So many parents have woken up and notice it, and others have been called by their child’s school stating that their child has it. We are talking about “pink eye.” On this week’s On Call for All Kids, Patrick Mularoni, M.D., an emergency medicine physician at Johns Hopkins All Children’s Hospital, talks about the common childhood ailment.
What is pink eye and what causes it?
Pink eye is one of those terms in medicine that is exactly what it sounds like. It’s a pink or red eye. In medical terms, we call it conjunctivitis. It happens when the surface of the eye has inflammation just like any other part of the body can get inflamed, but the difference is that it is very easy to see and often causes a considerable amount of concerns for parents. The causes for conjunctivitis or redness in the eyes are varied and can be due to an infection caused by bacteria or a virus, allergies, an irritant or foreign body in the eye or from trauma to the eye.
You mentioned an injury to the eye, irritants or a foreign body leading to pink eye. That sounds painful. Could you tell us about this cause of a pink or red eye?
The surface of the eye is sensitive and will get inflamed if you get poked in the eye or some other injury happens that scratches the surface of the eye. Another irritant could be sand or another small particle that can get in the eye and irritates the surface of the eye. I have seen dirt, sawdust and even a small piece of metal that has gotten into a patient’s eye. These situations are often very painful and your child will often want to keep his or her eye closed after it happens.
When compared to an infection in the eye children with an injury or a foreign body in the eye will have pain that comes on all of a sudden followed by an eye that becomes red and painful. If your child has a red eye and will not open it or is complaining of intense pain, that is a reason to see a doctor that day.
Let’s talk about infections in the eye. Parents and teachers know that these infections can spread easily between children, is there a way to tell the difference between a bacterial or viral infection in the eye?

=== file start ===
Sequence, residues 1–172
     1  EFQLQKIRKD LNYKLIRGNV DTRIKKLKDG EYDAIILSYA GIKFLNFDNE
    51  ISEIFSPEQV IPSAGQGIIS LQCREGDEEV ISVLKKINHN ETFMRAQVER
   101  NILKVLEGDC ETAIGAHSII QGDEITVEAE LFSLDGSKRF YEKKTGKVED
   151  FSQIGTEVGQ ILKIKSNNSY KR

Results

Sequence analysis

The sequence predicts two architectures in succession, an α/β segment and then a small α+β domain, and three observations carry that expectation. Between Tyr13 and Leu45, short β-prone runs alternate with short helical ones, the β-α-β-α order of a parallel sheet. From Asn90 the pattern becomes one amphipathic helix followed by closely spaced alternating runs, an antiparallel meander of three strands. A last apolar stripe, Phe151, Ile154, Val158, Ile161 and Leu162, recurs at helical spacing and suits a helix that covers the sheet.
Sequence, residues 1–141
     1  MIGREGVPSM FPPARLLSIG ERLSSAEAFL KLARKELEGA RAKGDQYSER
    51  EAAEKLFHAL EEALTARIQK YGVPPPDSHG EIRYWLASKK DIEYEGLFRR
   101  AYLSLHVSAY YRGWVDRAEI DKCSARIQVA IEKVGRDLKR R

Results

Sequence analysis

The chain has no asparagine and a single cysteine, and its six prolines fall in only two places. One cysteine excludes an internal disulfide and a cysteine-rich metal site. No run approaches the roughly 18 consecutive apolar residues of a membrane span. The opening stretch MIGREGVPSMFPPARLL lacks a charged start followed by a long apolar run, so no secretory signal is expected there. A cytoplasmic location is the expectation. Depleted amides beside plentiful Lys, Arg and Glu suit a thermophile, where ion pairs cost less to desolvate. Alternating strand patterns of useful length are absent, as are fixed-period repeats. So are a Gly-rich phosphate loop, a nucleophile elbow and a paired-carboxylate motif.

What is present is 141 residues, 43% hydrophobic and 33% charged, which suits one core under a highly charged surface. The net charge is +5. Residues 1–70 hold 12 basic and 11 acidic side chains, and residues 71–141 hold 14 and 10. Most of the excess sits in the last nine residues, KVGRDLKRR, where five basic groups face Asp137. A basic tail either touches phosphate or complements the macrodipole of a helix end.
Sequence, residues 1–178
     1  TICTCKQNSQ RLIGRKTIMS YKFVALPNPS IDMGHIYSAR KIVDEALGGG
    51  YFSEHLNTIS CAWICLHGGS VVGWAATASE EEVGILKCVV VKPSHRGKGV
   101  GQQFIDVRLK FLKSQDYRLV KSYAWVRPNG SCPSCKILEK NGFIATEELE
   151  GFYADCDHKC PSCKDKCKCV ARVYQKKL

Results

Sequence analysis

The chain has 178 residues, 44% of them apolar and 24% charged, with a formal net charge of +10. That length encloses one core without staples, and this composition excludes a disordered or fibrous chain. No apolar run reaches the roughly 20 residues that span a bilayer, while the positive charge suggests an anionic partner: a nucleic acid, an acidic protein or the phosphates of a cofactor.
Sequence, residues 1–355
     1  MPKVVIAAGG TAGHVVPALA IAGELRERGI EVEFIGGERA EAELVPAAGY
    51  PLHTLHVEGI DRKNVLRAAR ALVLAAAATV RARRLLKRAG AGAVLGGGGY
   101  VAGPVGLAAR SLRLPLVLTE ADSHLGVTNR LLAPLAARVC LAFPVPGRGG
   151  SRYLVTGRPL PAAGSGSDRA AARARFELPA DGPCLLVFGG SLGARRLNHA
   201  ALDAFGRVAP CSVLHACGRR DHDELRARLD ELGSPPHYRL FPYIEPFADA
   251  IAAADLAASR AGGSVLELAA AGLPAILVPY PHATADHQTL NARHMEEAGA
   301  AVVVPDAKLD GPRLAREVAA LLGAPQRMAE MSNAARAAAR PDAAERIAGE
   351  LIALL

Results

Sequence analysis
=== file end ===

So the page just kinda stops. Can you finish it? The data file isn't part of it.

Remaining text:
Most parents know that we can treat bacterial infections with antibiotics and viral infections do not respond to antibiotics. For physicians, it can be difficult to decide whether an infection in the eye is being caused by bacteria or by a virus. One thing that can be a difference between the two is that a viral infection often starts in both eyes. Bacterial infections in the eye will often start in one eye and then could eventually affect the other eye. We also see that the viral infections that cause redness in the eyes typically come with other cold symptoms and the bacterial infection that causes pink eye can present on its own in a child that isn’t sick.
The difficult part is that a child who is sick with a virus can develop a bacterial pink eye as a secondary infection as well. This happens because the tears and mucous that run across our eyes throughout the day might not drain as well in a child with a congested nose and that could be a set up for a bacterial infection in the eye as well. Since it is difficult to tell the difference, your best bet is to make a doctor appointment if your child is sick and has a pink eye.
You mentioned other causes. What about those kids with allergies. If you know that your child has allergies that cause red itchy eyes, is there something a parent can do?
Seasonal allergies definitely cause red irritated eyes, and we seem to have pollen from some source year-round in Florida. The best thing to do is to know the pattern of your child’s allergies so that you can be prepared and treat their symptoms with allergy medicines during the seasons where they have the most symptoms. There are allergy medicines that are taken by mouth, but there are also allergy eye drops that work well. This is something that you should talk to your pediatrician about so that you have a plan to make your child more comfortable especially when their allergies are at their worst.
On Call for All Kids is a weekly series featuring Johns Hopkins All Children's Hospital experts. Visit HopkinsAllChildrens.org/Stories each Monday for the latest report. You also can explore more advice from Patrick Mularoni, M.D.